• Catch up on DVRed TV shows from previous night, if needed.
  • Head up to home office and go through bajillion emails from companies I have unsubscribed from thirteen times already.
  • Answer the 2–3 valid work emails.
  • Go back downstairs to grab veggies for guinea pigs, Bob and Frid, who have been wheeking at me from across the office ever since I got upstairs. Realize that I have just reinforced the wrong habit of coming upstairs without the veggies by doing it yet again today.
  • Look at clock. Panic that it is nearly noon already.
  • Shower. Dress.
  • Sit back at desk. Go through the half-bajillion new emails from other companies from whom I was sure I had unsubscribed back in 2010.
  • Continue with paid freelance work for other writers: typesetting, proofreading, copy editing . . .
  • Tell self I should take time to do my own writing once in a while.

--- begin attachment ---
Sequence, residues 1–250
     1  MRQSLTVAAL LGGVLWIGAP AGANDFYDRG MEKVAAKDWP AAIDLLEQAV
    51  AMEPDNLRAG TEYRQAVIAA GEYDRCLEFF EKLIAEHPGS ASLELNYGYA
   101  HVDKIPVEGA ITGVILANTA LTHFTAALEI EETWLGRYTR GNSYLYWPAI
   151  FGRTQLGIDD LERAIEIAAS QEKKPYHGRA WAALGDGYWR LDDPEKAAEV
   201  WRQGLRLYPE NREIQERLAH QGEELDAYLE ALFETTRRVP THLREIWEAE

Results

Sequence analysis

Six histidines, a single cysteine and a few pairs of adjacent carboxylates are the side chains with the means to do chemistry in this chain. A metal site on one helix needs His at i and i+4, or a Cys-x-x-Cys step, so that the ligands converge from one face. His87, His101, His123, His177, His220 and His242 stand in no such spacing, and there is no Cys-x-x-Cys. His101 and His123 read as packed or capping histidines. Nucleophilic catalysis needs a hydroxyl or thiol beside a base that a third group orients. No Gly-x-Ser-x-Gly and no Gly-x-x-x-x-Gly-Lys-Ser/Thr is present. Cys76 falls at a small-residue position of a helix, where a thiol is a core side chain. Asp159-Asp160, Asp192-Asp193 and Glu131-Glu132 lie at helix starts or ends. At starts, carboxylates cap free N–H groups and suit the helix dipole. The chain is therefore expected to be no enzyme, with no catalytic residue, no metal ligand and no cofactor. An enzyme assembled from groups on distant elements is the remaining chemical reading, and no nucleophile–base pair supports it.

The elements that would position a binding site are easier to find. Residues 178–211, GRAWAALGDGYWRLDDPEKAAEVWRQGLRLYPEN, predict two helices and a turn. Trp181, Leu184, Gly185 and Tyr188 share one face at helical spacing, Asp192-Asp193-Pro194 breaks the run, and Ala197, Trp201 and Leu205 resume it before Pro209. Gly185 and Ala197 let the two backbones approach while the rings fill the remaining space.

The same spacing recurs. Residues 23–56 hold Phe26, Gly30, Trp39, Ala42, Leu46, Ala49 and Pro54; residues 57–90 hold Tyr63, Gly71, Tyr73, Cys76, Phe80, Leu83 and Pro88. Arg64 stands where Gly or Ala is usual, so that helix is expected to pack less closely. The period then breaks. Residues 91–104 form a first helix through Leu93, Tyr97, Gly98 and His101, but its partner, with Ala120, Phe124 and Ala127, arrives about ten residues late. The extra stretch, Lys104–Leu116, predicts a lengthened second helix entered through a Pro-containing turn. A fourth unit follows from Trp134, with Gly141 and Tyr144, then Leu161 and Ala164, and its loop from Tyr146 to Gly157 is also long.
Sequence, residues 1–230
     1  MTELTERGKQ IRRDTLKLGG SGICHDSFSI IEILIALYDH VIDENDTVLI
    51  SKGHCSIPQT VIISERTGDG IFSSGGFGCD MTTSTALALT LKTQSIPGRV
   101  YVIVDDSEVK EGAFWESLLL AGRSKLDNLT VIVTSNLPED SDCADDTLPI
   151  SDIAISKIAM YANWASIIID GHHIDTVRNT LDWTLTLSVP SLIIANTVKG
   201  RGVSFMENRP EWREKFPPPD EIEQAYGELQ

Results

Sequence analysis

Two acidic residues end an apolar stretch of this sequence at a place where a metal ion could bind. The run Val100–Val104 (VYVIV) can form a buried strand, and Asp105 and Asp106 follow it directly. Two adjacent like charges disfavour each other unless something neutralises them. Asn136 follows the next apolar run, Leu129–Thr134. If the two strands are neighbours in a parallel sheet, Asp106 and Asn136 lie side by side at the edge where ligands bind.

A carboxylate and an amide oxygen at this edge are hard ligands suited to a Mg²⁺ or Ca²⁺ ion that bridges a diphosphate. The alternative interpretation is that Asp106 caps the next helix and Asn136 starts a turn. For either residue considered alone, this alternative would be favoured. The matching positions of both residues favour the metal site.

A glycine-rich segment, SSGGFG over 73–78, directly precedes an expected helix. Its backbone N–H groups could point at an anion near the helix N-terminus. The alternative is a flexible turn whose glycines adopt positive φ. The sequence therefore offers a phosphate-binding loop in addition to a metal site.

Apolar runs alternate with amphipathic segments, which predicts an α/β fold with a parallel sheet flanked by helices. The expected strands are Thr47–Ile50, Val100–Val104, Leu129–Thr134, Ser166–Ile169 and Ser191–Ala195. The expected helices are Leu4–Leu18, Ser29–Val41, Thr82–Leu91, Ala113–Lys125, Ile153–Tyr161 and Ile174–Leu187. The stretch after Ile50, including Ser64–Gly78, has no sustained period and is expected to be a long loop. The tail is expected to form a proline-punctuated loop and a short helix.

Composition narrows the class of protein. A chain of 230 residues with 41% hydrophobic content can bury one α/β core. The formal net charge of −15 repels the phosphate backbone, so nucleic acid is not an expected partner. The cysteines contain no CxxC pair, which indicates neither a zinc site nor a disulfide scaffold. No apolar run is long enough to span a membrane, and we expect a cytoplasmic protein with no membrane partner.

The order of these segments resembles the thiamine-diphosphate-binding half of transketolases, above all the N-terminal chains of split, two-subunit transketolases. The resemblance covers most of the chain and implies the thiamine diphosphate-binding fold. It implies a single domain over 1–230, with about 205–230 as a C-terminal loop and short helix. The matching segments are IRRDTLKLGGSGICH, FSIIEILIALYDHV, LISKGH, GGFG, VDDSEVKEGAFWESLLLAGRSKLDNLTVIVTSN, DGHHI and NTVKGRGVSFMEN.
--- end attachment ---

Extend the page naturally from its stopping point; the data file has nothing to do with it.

• Stare longingly across the office at the writing desk I set up two years ago — you know, the one I dust faithfully every week.
  • Sit at writing desk boldly. Feel invigorated and empowered.
  • Open diary program and tell it all about my day, which sounds suspiciously like the last entry in the diary program, from 2011.
  • Give myself a self-imposed deadline for finishing first draft of novel.
  • Talk myself out of self-imposed deadline because it’s not like I’m going to fire myself or anything.
  • From the office window near the writing desk, glimpse mail carrier coming up the sidewalk.
  • Squeal in delight that the mail is here, scaring Bob and Frid, and run downstairs to get the mail.